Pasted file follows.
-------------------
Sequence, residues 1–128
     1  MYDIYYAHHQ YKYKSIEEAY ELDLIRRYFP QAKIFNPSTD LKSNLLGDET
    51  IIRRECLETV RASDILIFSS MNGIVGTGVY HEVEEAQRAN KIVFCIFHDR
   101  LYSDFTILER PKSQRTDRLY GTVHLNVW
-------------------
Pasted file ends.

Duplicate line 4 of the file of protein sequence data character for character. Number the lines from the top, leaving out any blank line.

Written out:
   101  LYSDFTILER PKSQRTDRLY GTVHLNVW